Many conservative republican states, such as Florida, have passed laws requiring women and girls to play on sports teams of the “biological sex” on their birth certificates, and those who see themselves as women, such as transgender males, should be barred from competing against biological females. Such laws would hardly be made in Africa by many rulers as they would naturally view such competition in women’s sporting tournaments as unreasonable, forbidden, selfish, cheating, and fundamentally unfair. Many Africans would be surprised to learn that in America, biological males have been allowed to compete with biological females in sports such as weightlifting, track and field, and marathon running — and win outright because, according to American conservative policies, there is an unfair biological and physical advantage. This belief by conservative members of the Republican Party, often called the GOP (brief for “Grand Old Party”), will be consistent with beliefs about men and women in African culture and traditions.

Sexual exploitation of children and same-sex marriage in African culture are not recognized as alternatives to the heterosexual male-female relationship. In some African cultures, same-sex marriage happens among women not because of sexual orientation in terms of attractions, not as norms, values, and behavioral patterns, but for the purpose of procreation and continuity of the family’s lineage, which happens through one of the women who suffers from infertility, who is not usually married to a man or has a background in a royal family, and a man agreed by both to impregnate the fertile woman.

There are so many things progressive from America to Africa, such social movements’ mentalities, practices, and subjectivities could be at variance with African religious and traditional practices just like they are with Republican conservative practices and policies.

In my capacity as a professional psychologist, I affirm the position of the American Psychological Association that establishes that we should not discriminate based on race, religion, disability, weight, height, gender, sexual orientation, and social economic status. While

As one of African traditional nativity, I have my own values and personal standards. I do not allow myself to be influenced by African cultural norms in my professional work, as I do not discriminate against any human being, and I treat all with sensitivity, respect, and equality, irrespective of how they see themselves.

Africa, particularly Nigeria, should be cautious about accepting social products of various types from America as imports into Africa. Nigeria, as the most populous society in Africa, should be especially cautious. Whether one is American or not, most people will agree with an American of African ancestry who once said this about sexualizing young children by adults like drag queens, men who dress in women’s clothes and perform before an audience of children.

“They are underqualified to have children. They should have their children taken away from them. because it is child abuse. It is child abuse to put a half-naked adult in a room with a small child and have them read a book. It’s child abuse. ” Candace Owens

For the purpose of notation regarding cross-dressing, in the Esan tradition of Nigeria, there are special occasions when married women dress in men’s clothing, usually that of their husbands. The special ceremony is called Ukpukpe, and it involves cross-dressing in honor of a woman born in a certain village who dies (they call her “okwian”). These women are the wives of the same villagers while visiting the dead (Okwian’s) marital home, where they are showered with gifts, money, and food, and there is singing and dancing. This way of special dressing has nothing to do with some manners in the western world where some persons engage in cross-dressing, due to transgender identity, persons whose gender identification and expression differs from that which they were assigned at birth.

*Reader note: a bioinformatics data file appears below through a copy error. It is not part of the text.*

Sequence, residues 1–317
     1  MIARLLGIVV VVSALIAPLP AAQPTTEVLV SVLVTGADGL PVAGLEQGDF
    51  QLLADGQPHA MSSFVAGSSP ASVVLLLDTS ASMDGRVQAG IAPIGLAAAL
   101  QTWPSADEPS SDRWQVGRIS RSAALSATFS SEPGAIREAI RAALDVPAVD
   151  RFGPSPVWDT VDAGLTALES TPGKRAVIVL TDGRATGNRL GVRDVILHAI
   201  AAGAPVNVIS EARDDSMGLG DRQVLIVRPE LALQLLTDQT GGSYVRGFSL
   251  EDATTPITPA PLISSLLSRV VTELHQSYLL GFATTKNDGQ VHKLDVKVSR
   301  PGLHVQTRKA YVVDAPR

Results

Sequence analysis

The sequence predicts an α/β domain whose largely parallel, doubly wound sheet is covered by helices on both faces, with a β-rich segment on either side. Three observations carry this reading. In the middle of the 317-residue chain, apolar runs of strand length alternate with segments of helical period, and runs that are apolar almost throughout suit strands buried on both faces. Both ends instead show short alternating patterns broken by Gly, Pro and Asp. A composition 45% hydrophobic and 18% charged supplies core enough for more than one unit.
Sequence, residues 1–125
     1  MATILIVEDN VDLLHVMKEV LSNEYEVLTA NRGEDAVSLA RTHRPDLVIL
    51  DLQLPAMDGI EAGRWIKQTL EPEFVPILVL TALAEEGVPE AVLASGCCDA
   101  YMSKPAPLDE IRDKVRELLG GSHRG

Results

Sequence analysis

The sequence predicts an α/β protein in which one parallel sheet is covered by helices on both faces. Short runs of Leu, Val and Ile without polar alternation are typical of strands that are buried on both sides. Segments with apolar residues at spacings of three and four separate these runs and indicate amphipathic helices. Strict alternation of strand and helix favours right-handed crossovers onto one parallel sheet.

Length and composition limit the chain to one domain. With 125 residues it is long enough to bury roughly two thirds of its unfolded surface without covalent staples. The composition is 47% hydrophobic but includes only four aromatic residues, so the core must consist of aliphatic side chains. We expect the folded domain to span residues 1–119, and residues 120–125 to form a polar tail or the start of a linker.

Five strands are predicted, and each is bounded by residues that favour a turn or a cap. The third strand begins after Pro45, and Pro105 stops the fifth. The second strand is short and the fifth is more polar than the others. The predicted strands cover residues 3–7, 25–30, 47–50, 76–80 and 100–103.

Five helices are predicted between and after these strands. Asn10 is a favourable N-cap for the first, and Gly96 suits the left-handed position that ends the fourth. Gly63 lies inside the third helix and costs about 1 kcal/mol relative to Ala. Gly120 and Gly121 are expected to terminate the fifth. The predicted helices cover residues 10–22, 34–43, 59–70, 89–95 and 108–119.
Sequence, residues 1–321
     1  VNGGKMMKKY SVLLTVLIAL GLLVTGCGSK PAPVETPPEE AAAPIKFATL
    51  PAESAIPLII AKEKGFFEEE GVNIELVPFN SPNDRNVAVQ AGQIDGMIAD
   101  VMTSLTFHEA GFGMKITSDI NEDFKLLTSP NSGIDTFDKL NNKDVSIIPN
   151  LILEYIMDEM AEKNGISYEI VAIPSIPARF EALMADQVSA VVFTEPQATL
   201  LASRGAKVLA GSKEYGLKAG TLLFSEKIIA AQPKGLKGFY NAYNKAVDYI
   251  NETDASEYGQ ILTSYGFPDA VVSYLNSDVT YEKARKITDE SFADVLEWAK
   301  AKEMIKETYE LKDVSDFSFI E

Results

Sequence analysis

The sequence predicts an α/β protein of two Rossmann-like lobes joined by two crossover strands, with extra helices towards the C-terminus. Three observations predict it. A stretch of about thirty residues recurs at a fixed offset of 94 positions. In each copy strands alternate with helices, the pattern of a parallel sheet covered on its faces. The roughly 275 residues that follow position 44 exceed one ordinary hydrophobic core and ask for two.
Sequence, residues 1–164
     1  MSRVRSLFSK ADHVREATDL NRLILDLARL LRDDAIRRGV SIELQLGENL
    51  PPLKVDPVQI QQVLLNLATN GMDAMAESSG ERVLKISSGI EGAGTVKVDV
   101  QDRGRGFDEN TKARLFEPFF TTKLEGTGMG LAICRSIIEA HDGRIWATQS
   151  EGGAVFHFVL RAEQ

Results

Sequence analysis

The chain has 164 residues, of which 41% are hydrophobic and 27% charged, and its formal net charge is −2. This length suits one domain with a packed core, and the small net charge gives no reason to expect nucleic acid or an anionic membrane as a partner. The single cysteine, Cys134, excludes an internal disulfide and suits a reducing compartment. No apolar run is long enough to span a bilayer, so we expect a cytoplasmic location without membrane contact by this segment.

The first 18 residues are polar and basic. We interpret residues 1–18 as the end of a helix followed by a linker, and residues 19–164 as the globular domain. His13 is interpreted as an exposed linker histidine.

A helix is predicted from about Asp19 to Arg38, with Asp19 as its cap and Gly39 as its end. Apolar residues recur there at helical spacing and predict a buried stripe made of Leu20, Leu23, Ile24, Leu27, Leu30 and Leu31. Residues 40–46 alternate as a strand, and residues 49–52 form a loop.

John Egbeazien Oshodi
John Egbeazien Oshodi, who was born in Uromi, Edo State in Nigeria to a father who served in the Nigeria police for 37 years, is an American based Police/Prison Scientist and Forensic/Clinical/Legal Psychologist. A government consultant on matters of forensic-clinical adult and child psychological services in the USA; Chief Educator and Clinician at the Transatlantic Enrichment and Refresher Institute, an Online Lifelong Center for Personal, Professional, and Career Development. He is a former Interim Associate Dean/Assistant Professor at Broward College, Florida. The Founder of the Dr. John Egbeazien Oshodi Foundation, Center for Psychological Health and Behavioral Change in African Settings In 2011, he introduced State-of-the-Art Forensic Psychology into Nigeria through N.U.C and Nasarawa State University, where he served in the Department of Psychology as an Associate Professor. He is currently a Virtual Behavioral Leadership Professor at ISCOM University, Republic of Benin. Founder of the proposed Transatlantic Egbeazien Open University (TEU) of Values and Ethics, a digital project of Truth, Ethics, and Openness. Over forty academic publications and creations, at least 200 public opinion pieces on African issues, and various books have been written by him. He specializes in psycho-prescriptive writings regarding African institutional and governance issues.

Prof. Oshodi wrote in via [email protected]

Disclaimer: “The views/contents expressed in this article are the sole responsibility of the author(s) and do not necessarily reflect those of The Nigerian Voice. The Nigerian Voice will not be responsible or liable for any inaccurate or incorrect statements contained in this article.”